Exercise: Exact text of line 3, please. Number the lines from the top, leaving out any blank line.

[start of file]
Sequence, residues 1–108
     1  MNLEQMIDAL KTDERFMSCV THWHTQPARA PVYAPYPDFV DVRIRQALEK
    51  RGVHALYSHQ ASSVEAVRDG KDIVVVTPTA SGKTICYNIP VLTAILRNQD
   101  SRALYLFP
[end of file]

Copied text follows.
    51  RGVHALYSHQ ASSVEAVRDG KDIVVVTPTA SGKTICYNIP VLTAILRNQD